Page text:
Using the internet and other resources, create the following for an organization.
1. A sexual harassment policy statement. Remember to defend your policy with valid reasoning and effective documentation. The policy statement should be realistic and thorough (it should resemble something an actual company would use to convey its sexual harassment policy to employees).
2. Outline the steps that will be taken if a manager or member of the human resources department receives a sexual harassment complaint from an employee.
I need help getting started. I need ideas and examples.© BrainMass Inc. brainmass.com September 22, 2018, 1:24 am ad1c9bdddf - https://brainmass.com/business/human-resources-management/sexual-harassment-policy-statement-and-the-complaint-process-47546
First, we will look at the guidelines required by federal and state law for a company sexual harassment policy. Then, a sexual harassment policy statement for a fictitious company called ABC Company is drawn up following these federal and state suggestions. Included in the policy are the steps to be taken by the manager or member of the human resources for a sexual harassment complaint.
1. What guidelines can we follow when writing up our own policy?
The following outline are the suggested guidelines that we would be required by federal and state law to include in our company policy:
1. Title: Sexual Harassment
Bureau of EMS Policy Statement
The intent of this policy is to advise individuals participating in Department of Health (DOH) approved courses and those working in the Emergency Medical Services field that they are entitled to an environment that is free from sexual harassment.
DOH requires all course sponsors to develop and implement a policy on sexual harassment. DOH also encourages all EMS provider agencies to develop their own agency policy on sexual harassment.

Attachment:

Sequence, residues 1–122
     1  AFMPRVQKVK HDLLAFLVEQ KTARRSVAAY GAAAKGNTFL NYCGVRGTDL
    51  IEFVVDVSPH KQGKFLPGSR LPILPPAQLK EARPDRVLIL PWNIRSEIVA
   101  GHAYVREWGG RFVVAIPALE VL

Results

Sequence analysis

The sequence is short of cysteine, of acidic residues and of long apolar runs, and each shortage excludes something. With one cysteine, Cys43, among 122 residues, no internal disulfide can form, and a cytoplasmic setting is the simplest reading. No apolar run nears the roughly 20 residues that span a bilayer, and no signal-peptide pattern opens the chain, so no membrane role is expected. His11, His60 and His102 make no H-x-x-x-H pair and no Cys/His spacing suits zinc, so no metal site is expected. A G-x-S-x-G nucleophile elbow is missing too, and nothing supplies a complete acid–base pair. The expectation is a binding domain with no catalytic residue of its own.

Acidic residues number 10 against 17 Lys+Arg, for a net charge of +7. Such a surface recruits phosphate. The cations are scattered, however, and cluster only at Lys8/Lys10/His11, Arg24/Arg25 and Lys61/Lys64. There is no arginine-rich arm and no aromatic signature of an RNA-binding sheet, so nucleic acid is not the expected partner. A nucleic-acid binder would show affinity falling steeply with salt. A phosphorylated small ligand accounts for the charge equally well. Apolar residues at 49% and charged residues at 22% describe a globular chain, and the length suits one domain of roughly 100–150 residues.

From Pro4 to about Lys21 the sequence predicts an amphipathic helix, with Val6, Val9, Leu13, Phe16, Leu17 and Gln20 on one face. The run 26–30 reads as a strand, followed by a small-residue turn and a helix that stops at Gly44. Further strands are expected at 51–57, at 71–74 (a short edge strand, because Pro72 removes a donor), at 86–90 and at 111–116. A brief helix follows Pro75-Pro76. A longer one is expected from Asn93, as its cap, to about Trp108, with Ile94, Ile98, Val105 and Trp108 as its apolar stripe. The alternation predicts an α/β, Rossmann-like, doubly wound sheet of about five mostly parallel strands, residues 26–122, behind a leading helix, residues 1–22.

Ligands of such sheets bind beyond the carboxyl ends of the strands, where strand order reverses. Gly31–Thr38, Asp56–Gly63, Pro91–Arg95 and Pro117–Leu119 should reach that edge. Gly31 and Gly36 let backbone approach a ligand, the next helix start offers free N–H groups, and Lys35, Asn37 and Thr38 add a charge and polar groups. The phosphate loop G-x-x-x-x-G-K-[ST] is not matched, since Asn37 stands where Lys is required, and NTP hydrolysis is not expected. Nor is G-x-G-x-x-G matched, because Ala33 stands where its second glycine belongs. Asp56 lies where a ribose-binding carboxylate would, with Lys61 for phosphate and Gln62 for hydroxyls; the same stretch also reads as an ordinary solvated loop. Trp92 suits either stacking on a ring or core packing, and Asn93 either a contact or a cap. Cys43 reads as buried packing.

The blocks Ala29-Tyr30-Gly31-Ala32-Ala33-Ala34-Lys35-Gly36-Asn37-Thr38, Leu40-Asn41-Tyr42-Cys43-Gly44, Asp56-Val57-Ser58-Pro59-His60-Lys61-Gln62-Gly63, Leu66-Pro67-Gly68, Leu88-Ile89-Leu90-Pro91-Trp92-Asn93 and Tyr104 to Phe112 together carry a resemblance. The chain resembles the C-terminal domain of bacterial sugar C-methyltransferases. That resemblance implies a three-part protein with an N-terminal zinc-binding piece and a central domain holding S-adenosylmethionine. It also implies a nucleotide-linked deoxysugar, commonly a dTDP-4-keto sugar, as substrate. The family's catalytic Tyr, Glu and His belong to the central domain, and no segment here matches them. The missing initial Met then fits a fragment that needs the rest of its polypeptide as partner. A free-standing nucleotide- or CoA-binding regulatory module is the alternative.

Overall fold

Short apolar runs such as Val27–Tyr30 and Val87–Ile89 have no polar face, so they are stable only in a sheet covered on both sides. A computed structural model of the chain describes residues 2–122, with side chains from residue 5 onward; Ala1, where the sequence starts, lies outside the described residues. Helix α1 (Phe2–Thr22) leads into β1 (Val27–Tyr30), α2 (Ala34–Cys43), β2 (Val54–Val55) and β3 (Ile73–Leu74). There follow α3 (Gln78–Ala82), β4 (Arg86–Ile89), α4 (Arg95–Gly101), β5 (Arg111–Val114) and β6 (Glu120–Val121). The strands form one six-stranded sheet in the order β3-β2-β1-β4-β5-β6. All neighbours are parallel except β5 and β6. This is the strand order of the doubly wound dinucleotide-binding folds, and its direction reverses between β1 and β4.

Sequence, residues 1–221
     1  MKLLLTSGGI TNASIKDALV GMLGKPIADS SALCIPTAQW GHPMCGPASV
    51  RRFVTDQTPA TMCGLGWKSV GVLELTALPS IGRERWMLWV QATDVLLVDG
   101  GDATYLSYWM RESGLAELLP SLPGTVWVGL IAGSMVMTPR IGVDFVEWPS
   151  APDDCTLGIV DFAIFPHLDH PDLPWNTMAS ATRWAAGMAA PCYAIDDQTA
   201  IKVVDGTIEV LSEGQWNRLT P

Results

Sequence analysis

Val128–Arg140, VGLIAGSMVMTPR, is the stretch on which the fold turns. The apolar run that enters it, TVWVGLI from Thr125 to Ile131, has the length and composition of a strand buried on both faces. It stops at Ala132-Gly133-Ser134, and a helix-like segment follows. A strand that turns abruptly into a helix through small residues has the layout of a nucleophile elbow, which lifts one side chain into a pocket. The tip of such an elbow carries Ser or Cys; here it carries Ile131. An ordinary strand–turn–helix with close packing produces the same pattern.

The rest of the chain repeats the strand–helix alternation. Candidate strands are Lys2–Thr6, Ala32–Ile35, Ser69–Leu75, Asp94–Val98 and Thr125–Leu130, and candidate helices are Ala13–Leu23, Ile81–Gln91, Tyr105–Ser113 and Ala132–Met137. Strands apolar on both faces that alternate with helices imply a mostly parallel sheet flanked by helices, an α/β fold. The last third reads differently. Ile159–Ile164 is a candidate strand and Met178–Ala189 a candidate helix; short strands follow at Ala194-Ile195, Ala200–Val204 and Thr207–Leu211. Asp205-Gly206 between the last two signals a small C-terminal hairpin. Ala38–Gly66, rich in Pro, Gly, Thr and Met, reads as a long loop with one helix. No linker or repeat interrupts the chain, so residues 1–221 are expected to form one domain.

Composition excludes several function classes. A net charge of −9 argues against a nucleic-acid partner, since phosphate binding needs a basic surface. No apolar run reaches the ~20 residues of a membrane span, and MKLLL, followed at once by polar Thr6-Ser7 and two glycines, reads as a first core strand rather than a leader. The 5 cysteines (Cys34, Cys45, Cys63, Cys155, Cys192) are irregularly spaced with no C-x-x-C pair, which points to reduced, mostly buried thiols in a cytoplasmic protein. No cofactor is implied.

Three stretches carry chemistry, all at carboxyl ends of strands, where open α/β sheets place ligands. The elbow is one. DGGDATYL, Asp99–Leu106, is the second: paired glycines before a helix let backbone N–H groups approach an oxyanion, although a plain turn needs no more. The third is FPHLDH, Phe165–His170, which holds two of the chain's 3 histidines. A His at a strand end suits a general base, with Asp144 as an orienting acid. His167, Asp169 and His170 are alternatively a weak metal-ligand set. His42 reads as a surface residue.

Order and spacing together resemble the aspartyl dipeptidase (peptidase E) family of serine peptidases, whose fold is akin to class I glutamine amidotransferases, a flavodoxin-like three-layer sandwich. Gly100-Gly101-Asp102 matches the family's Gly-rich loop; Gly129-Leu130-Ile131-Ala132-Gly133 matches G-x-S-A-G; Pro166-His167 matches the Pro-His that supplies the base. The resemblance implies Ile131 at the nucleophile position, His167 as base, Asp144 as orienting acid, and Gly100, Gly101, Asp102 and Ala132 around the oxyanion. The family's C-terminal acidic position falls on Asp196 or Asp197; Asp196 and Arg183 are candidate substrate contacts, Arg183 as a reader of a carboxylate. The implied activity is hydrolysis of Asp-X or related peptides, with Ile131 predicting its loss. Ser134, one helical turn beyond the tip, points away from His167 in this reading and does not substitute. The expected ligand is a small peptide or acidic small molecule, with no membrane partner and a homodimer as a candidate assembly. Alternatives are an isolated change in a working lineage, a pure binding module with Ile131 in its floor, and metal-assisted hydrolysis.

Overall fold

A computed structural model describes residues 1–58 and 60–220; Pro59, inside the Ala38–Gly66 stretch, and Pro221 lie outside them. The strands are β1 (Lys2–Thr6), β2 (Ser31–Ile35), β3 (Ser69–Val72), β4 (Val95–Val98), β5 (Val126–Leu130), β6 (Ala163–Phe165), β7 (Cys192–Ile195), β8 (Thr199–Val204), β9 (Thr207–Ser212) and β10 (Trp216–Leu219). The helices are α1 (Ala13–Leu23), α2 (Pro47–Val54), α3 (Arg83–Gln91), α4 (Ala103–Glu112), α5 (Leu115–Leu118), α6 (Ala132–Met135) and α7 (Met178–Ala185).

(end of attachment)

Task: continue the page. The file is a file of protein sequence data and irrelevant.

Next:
Sexual harassment is not merely offensive but it is a form of discrimination in violation of Federal and State Law. 1
Employer:Includes any Emergency Medical Services provider agency, including but not limited to municipal entities, volunteer fire departments, volunteer ambulance corps, commercial, industrial and hospital provider agencies.
Employee: Any person, compensated or not, that is employed by or a volunteer for any EMS provider agency or course sponsor.
Workplace: Any location or vehicle that an employee is at in the course of their duties for the employer.
Student: Any person enrolled in a DOH approved EMS training course.
Educational Setting: Includes any location being used for EMS education. This definition extends to locations used for clinical and field training of EMS providers.
Sexual Harassment: Any unwanted verbal or physical advances, sexually explicit derogatory statements, or sexually discriminatory remarks made by someone in a workplace or educational setting which are offensive or objectionable to the recipient, cause the recipient discomfort or humiliation, or interfere with the recipient's job performance or educational progress.
5, It may Include:
· Visual harassment; posters, magazines, calendars etc
· Verbal harassment or abuse: repeated requests for dates, lewd comments sexually explicit jokes, whistling etc.
· Written Harassment: Love poems, letters, graffiti
· Offensive gestures
· Subtle pressure for sexual activities
· Unnecessary touching, patting, pinching or kissing.
· Leering or ogling
· Brushing up against another's body.
· Promise of promotions, favorable performance evaluations or grades, etc ...
By illustrative example, this solution identifies the federal and state requirements for developing a sexual harassment policy and describes how to specifically develop the policy from the beginning. It also outlines the steps that will be taken if a manager or member of the human resources department receives a sexual harassment complaint from an employee. This response is 1700+ words in length.